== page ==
In Medieval Eloquence, Murphy states that by the twelfth century, pedagogy had entrenched imitation in the

English schoolboy's education where his trivium might in­ clude

model-reading, model-analysis, rule learning (and even memorization), model imitation, written and oral composition, classroom reci­ tation, and classroom criticism by both peers and masters. (206)

By this time, the Church had stabilized enough so that Ber­ nard of Chartres encouraged his students to model their writing on poets and orators, as well as Biblical texts

(Murphy 206).

Another classical feature the medieval world adopted was the treatise or handbook on the art of writing well.

The ancient Greeks and Romans supported their methods of education by writing numerous treatises and handbooks dir­ ected to the education of the student. This practice also existed in the medieval period, until it seemed that almost everyone who wrote about composition did so with the inten­ tion of providing a guide.

Imitation and Exegesis in the Renaissance

From the fourteenth century to the seventeenth century, the period of the Renaissance, scholars continued to prac­ tice imitation using models from the tradition of Cicero and Horace. In The Light in Troy: Imitation and Discovery in

Renaissance Poetry, Thomas M. Greene discusses imitation as it was used by the more seasoned writers like Petrarch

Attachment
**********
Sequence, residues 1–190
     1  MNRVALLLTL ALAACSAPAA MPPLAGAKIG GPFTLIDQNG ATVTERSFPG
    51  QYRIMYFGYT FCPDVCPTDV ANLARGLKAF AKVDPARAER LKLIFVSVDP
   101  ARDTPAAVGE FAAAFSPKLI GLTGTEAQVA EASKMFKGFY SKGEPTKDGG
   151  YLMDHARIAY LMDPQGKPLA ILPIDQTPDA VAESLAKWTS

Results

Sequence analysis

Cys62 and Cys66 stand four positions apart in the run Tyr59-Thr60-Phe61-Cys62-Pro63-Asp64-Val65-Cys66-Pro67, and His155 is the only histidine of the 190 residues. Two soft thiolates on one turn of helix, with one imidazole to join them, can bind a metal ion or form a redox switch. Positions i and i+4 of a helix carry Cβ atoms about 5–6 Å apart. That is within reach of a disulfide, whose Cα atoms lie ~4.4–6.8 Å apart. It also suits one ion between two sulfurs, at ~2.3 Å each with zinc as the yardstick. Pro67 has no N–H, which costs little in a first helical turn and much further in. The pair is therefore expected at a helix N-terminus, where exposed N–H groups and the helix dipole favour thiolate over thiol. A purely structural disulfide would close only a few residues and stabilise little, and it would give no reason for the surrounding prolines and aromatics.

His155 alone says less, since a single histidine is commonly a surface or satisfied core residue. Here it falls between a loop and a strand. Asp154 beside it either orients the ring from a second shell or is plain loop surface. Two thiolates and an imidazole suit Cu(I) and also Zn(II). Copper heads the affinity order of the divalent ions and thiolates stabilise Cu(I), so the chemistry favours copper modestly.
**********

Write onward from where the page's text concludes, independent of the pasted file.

(1304-1374). The intent of imitative writing in the Renais­ sance was the creation of significant bodies of literature akin to the models. Rather than destroying the model or its meaning, imitation breathed new life into the model, a fre­ sher meaning derived from contemporary experience.

Renaissance authors used exegesis, an exposition or explanation of the meaning of the texts they studied, so that they might write more effectively. Through exegesis, the writer came to understand the nuances of the model or, as Greene puts it, "its particular timbre and personal force" (42). The Renaissance writer realized that there was a concrete relationship between his world and the world of the ancient Romans and Greeks. Using exegesis and imita­ tion, authors attempted, in their writings, to express their understanding of the literary work of these classical auth­ ors. By linking exegesis and imitation, the author created a new work that gave enjoyment to its readers while at the same time it provided a flavor of the old masters. This view of imitation implies that it is the person of maturity and scholarly inclination rather than the beginning school­ boy who will use imitation most effectively. While the